Alexandra Howson 25:20
I love that. Karen, thank you so much for sharing your knowledge and your expertise with our listeners. And I hope to speak to you again soon. Thanks, Alex.
Alexandra Howson 25:33
Karen Overstreet 25:34
That was fun. Did you get what you wanted? I sometimes I can't tell if I'm babbling and going off on a tangent or if that was in any way coherent?
Alexandra Howson 25:43
No, no, that was good. In terms of process, what we'll do now is we'll create show notes, anything that you've mentioned, that might be a potential resource, so make sure to put in the in the show notes. And as I say, as I start to kind of gear up to launch, I'll let you know what that timeline looks or looks like. So that you know, if you want to you can you can, you know, share with your audience.
Karen Overstreet 26:09
Maybe I don't know we talking a few weeks, a few months, just know
Alexandra Howson 26:13
Probably a few months, I was hoping for late fall, I'm thinking I'm probably going to push it into early 2021.
Karen Overstreet 26:20
Okay, good to know. And I will since Kayden and Syneos Health are mentioned I am going to have to run it by some PR person. But it's a it's a pro forma thing. I just need to let them see something and it's an automatic approval.
Alexandra Howson 26:36
Well, okay, so a couple of ways I can do that. I can share with you the edited version, if you like, and you can share that or we can just I can introduce you in a different way I can record over that
Karen Overstreet 26:48
They actually prefer for the company name to be in there.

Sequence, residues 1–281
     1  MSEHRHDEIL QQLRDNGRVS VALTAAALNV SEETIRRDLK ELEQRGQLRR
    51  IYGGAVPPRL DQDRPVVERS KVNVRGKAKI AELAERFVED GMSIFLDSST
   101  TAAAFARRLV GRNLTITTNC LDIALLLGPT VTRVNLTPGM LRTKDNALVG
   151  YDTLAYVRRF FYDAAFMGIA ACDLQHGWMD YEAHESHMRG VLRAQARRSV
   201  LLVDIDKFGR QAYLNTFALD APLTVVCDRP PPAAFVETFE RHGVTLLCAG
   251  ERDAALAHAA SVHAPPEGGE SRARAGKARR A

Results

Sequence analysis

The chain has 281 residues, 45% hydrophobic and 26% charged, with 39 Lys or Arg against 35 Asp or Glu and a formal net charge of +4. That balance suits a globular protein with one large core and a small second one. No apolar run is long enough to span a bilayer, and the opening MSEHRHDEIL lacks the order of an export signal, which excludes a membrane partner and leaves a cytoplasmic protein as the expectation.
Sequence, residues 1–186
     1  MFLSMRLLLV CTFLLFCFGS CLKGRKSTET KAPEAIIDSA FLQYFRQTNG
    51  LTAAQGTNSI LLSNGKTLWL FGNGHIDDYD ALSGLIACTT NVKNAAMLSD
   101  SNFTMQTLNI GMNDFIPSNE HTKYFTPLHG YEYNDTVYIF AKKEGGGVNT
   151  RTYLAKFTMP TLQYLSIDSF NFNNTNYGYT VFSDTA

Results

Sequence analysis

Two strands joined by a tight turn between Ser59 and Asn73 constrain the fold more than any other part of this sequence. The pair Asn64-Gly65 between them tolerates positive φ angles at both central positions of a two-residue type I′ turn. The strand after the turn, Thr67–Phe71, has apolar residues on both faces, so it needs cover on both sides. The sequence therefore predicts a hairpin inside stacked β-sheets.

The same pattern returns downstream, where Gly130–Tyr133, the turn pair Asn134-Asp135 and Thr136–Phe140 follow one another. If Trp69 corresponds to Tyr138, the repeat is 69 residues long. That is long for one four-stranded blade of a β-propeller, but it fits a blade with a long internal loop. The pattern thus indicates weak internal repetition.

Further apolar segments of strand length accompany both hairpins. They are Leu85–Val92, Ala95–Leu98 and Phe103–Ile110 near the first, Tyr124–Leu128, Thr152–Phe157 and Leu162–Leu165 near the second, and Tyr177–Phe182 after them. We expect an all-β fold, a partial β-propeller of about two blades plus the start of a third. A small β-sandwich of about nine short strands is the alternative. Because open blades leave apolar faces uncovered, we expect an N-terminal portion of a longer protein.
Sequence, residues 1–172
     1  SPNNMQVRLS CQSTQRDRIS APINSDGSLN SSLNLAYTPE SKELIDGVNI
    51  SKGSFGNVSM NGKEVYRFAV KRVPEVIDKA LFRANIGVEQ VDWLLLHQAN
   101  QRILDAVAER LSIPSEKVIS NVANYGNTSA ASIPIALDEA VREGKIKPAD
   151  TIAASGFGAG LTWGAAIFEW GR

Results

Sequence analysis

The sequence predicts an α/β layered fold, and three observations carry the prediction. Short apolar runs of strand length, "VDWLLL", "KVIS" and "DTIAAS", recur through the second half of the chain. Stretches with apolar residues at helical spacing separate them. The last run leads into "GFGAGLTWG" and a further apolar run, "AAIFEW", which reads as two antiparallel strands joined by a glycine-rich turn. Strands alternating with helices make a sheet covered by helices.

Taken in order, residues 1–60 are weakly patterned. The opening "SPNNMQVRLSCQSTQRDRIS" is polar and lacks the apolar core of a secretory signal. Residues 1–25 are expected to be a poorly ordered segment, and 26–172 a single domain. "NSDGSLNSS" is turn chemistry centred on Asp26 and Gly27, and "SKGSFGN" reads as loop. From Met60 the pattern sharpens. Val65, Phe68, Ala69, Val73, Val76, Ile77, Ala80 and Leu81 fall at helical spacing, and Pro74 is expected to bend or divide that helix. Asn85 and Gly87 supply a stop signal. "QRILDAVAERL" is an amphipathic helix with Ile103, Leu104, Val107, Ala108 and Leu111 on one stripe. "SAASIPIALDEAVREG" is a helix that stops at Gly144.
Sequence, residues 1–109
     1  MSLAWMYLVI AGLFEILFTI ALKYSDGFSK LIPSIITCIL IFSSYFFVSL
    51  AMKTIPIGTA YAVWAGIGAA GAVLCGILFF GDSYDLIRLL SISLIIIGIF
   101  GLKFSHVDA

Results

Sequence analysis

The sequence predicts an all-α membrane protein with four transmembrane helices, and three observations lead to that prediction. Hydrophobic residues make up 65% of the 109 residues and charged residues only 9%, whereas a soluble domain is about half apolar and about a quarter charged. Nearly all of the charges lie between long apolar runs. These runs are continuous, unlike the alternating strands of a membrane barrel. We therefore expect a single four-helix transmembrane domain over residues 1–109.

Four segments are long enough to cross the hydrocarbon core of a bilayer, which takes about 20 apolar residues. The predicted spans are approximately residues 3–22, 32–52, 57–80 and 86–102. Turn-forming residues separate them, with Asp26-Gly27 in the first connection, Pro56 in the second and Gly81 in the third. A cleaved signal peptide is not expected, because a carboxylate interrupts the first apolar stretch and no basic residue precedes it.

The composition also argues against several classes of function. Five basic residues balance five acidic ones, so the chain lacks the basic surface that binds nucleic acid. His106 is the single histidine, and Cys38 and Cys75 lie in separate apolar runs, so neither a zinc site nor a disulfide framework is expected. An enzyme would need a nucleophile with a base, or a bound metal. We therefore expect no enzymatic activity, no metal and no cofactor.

Alexandra Howson 26:50
Actually they would. Okay. All right, then then that's good. I'll, I'll share with you the final kind of product and then you can or the edited version, so that you can you can pass that through whatever channels you need to. And yeah, no, I thought it was good. I knew it. I knew it would take us in a few different directions. And that's what I like. So, I wish we had longer.
Karen Overstreet 27:12
Oh, I know. I know. We had really insightful if we want to schedule some more time. I'm happy to.
Alexandra Howson 27:18
Or maybe we can do a kind of follow up, you know, like a partner or something. You know, if you're if you if you like the first one, but no, that was that was great. I just wish we had more time. Yeah. I could keep talking all the time.
Karen Overstreet 27:34
All right, it was great catching up with you. And yeah, happy to do a part two, if that would be helpful.
Alexandra Howson 27:39
Yeah, no, I think that that could be good. You have such a wealth of expertise. And I I know you have a call, but I think it would be good to get into gender and women in education. So, I might do a themed series or season or something. Okay, great. All right, Karen. Thanks
Karen Overstreet 27:57
Thanks so much, Alex. Have a good one. Here.
Alexandra Howson 27:59